Telegram groups are being abused by fraudsters peddling fake COVID-19 vaccination cards to the unvaccinated and anti-vaxxer communities, according to researchers.
Brittany Allen, trust and safety architect at Sift, noticed the illicit sales on the encrypted messaging platform as the COVID-19 vaccination began to ramp up earlier in the year. Several groups circulating on Telegram specialize in different types of fraud, including selling stolen credentials or credit-card numbers, as well as guides to how to defraud certain companies. Lately though, fraudulent vaccination cards have become a hot commodity, she said.
“When it became a bigger possibility of being able to travel, or when certain events began to require proof of vaccination, we started to see people posting vaccine cards for sale or soliciting vaccine cards for themselves,” she told Threatpost in an interview.
It is illegal to make or buy fake COVID-19 vaccination record cards with an official government agency’s seal, according to the FBI. “[T]he unauthorized use of an official government agency’s seal (such as HHS or the Centers for Disease Control and Prevention (CDC)) is a crime, and may be punishable under Title 18 United States Code, Section 1017, and other applicable laws,” according to an FBI warning about fake vaccination cards.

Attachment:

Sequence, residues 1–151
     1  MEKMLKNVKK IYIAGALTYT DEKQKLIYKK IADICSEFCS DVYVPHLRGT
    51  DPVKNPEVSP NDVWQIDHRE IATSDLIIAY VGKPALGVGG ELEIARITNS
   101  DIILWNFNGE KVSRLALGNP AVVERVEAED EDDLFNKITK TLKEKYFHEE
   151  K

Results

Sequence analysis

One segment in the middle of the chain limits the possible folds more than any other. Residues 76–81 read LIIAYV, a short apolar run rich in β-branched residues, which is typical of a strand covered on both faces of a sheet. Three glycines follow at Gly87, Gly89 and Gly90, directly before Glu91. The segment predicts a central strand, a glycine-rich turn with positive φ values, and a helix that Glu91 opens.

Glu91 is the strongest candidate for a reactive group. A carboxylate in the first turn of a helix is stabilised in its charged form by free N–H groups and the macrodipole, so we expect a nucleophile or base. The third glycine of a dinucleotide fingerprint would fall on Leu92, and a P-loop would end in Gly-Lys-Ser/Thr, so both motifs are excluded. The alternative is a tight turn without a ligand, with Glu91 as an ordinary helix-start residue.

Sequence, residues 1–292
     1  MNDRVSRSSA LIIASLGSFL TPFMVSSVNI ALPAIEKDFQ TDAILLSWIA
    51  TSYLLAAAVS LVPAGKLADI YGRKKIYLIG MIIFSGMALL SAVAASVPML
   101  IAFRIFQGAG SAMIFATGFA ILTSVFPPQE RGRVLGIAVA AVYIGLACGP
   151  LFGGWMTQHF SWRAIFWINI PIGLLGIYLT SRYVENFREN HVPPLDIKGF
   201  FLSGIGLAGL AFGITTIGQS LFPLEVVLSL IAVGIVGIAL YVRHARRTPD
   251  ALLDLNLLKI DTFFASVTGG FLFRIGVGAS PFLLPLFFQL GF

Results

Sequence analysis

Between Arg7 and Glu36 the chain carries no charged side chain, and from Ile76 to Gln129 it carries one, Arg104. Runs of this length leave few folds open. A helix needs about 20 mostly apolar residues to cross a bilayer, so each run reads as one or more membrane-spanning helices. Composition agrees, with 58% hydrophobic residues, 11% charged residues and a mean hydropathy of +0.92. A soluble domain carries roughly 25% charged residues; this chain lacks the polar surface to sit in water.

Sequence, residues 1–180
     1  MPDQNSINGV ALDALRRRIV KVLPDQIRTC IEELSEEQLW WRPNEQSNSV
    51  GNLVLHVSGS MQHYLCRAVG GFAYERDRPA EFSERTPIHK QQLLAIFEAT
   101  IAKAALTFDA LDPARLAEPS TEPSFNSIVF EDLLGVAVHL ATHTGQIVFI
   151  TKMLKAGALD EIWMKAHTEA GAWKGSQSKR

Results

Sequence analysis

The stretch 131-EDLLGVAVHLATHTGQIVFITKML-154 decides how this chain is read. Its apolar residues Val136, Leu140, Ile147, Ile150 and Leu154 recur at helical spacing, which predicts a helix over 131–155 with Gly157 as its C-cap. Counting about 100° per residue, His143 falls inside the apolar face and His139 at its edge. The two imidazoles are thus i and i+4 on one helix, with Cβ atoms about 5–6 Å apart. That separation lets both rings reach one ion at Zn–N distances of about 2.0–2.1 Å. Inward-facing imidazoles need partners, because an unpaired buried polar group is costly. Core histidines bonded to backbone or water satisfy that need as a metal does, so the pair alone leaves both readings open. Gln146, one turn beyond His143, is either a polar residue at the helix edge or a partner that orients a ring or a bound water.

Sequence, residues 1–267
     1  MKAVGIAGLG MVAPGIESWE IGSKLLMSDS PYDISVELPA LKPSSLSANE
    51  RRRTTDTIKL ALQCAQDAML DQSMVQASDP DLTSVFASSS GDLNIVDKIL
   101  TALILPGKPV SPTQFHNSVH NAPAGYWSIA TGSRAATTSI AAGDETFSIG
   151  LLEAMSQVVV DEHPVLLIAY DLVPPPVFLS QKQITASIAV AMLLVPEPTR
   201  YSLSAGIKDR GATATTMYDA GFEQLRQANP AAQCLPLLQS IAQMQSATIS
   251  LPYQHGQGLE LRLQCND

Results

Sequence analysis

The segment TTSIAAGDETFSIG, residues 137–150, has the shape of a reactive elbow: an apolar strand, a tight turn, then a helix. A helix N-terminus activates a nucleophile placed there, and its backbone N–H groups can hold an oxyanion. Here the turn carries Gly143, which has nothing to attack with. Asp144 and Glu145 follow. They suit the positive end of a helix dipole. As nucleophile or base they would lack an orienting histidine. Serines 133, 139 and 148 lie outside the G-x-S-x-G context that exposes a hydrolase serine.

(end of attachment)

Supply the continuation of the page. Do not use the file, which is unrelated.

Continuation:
Even so, “more and more posts or messages about cards for sale started popping up in February, and then it really began to take off towards the end of March and through April,” Allen said. “I saw in the news recently that you can now travel to Iceland, and vaccinated U.S. citizens can travel to the E.U., and some universities are actually now requiring that for the fall. As the need to show proof of vaccine increases, we’re definitely going to see even more of this; we haven’t reached the peak yet.”
She said that some of the activity consists of one-off posts in fraud-oriented groups with names like “Bitcoin Bandits” – but increasingly, some Telegram groups (with hundreds or even thousands of members) now specifically focus only on selling fake vaccine cards.
Fake Cards, Fake News, Real Vaccine Recipient Data
Allen also noted that while the cards themselves may be forged, the data included on them may not be. One ad, which she called “pretty standard,” hawks CDC cards for U.S. citizens, with the claim that they’re “registered, checked and verified within the CDC system online.”
“It’s likely that they are either pulling vaccine batch numbers and names from people who have publicly posted pictures of their vaccine card to social media, or from some kind of phishing source,” Allen explained. “But they’re saying that these numbers will check out.”